Raising a feminist child isn’t difficult. It means committing to instilling a sense of awareness in a child that all women are people. Raising feminist children means empowering our children with a sense of justice.
Too often feminism is misunderstood and slotted into a stereotype, often nullifying or ignoring the efforts and struggles of many women and men. People tend to think that feminism isn’t needed, that men and women enjoy the same access to resources, education and human rights. Sadly, one need only look at current politics, wage-gap figures, and the abuses against women in countries all over the world to realize that feminism still has work to do. Looking at our media and social interactions, women are still bandied about as stereotypes, and their bodies are still sexualized in everything from film to video games.
Although this year marks 50 years of us reading Friedan’s Feminist Mystique, the world is hardly “woman friendly.” Hence the need to offer our children the skills and sensitivities to continue pointing out and mending the areas where women are victims, puppets or anything less than equal.
I take the expression that “the personal is political” into my parenting, and mindfully consider how my role as a parent impacts my son and his world view about women. Here is a list of practices, activities and actions that might help you in raising a feminist child!
1. Love yourself.
Your child absorbs the way you treat yourself and uses this as a map for how she/he will treat others. This is especially important if you have a little girl. Our daughters need to see us loving, caring for, and empowering ourselves – so that they will treat themselves with the same love and respect.
2. Fill your bookshelves with children’s books that offer a feminist world view. Books are a part of how our kids understand the world.
3. When you are pregnant, consider thoughts on feminist birthing. Are you empowering yourself? Do you have the support that will ensure your voice, choices and desires are heard throughout your birthing?
4. Acknowledge the parenting power of fathers. Feel empowered to share your parenting and break the biological determinism that says: women parent and men work.
5. If you have privilege (cis, white, heteronormative, educated, male, Anglo) make sure you are ‘unpacking’ it often and authentically with your children.
6. Don’t judge other women.
Whether child-free or other mothers. We all have our own story and our kids need to know that every woman is worthwhile.
7. Practice Gentle Parenting. bell hooks talks about conventional parenting being a part of the patriarchy, where parents control their children by fear, intimidation and physical measures. By releasing yourself and your children from that paradigm, you are celebrating the essence of feminism.
8. Empower your kids to use their voices and to speak out against injustice.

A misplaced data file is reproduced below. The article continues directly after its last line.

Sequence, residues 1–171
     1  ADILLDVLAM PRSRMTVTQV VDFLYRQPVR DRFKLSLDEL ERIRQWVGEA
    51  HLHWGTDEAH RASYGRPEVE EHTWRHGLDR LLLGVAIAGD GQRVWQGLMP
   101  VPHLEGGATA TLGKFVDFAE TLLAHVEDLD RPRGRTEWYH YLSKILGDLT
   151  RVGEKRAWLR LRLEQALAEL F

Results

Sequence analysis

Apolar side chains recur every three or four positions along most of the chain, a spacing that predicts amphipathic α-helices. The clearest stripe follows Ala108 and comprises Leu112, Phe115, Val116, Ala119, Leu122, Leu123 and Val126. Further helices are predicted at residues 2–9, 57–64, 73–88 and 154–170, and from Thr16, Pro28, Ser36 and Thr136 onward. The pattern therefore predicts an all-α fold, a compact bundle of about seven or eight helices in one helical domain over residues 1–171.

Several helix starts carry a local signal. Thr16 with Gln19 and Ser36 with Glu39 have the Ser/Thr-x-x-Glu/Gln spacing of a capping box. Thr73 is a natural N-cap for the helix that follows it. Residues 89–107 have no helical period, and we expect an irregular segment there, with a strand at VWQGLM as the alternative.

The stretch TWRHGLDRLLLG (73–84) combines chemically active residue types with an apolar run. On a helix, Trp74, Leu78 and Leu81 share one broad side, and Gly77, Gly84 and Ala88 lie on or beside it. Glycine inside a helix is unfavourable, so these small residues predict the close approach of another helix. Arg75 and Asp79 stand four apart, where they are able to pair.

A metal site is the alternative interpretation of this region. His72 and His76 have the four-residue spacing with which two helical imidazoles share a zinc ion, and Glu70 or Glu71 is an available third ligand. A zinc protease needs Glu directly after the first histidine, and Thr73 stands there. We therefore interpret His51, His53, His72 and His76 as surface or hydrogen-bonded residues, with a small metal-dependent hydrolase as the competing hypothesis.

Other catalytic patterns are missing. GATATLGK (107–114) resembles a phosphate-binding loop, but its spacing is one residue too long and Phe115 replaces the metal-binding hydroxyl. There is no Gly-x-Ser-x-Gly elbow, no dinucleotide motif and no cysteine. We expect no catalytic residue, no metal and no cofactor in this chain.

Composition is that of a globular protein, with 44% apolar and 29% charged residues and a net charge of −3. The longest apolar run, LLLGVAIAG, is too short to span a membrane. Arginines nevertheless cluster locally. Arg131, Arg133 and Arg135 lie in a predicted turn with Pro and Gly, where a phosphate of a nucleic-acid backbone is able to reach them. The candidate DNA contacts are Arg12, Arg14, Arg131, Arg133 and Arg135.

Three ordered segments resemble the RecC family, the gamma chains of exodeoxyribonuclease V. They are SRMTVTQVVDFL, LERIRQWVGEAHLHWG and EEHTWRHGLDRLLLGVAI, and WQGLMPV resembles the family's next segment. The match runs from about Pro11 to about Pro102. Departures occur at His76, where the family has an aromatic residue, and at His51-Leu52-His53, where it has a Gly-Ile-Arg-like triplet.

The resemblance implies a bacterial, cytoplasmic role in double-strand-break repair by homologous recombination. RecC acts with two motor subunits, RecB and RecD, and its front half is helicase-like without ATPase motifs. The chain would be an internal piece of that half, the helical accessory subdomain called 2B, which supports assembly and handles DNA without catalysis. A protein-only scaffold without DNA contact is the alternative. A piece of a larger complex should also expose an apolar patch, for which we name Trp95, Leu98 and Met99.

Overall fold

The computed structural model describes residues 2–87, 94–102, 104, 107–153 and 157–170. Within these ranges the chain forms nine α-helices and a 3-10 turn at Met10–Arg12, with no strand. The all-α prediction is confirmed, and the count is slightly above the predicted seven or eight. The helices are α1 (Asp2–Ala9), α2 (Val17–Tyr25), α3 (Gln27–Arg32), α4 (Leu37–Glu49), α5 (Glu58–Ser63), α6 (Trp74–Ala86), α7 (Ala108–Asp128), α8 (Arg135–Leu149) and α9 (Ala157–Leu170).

9. Take your kids with you when you attend protests and other moments of activism (if it is a safe situation). Whether it’s a nurse-in or a LGTB-parade, even our youngest can be a part of these powerful acts.
10. Honor your child’s body. Practice body autonomy whenever possible. By nurturing this behavior in our children we can help ensure that they will carry this with them as they get older and grant the same autonomy to others.
11. Help your child develop a healthy body language. Help them develop a sense of body pride and comfort.
12. Consider their media. I’m all for media and technology being used responsibly in our children’s lives, but we need to be in constant dialogue with them about what they are seeing and providing them with the tools to dissect the stereotypes that are insidious in the majority of mainstream media.
13. Let your child lead the way when it comes to their gender. So much of what limits women (and men) is embedded in socially constructed ideas about gender and what one is or isn’t permitted to do within said gender. Let you child experience their gender with as much fluidity or structure as they wish.
14. Think about gender stereotypes when selecting toys, clothes and books.
15. Support other mothers.
Celebrate mothering. It is one of the many things women do, but it is often trampled or passed over by society. Allow yourself to acknowledge that you can be a feminist and a mother. Embrace the work you do as a mama. Speak positively about women who mother and work outside the home, stay at home mamas. Our kids need to hear that mothering can happen in many ways and be celebrated in its many forms.
16. Talk about achievements of women. Our kids need to hear beyond the lists of great male writers, scientists, athletes, inventors, politicians. Fill your life with examples of great women.
18. When you are parenting within stereotypes, try to expose, dissect and talk about the binaries and why they aren’t realistic.
19. Support mothers around breastfeeding – whether it is their right to breastfeed, or their right to formula feed. Do what you can to ensure that ALL women have access to the proper information about breastfeeding.
20. Be more than their mother. Let them see you be all of the wonderful elements that make you who you are. Knit, read, be with friends, write books, attend lectures, run for political office, collect stamps -whatever it is that makes you special, LIVE IT.
21. Celebrate International Women’s Day with your kiddos. (March 8th every year)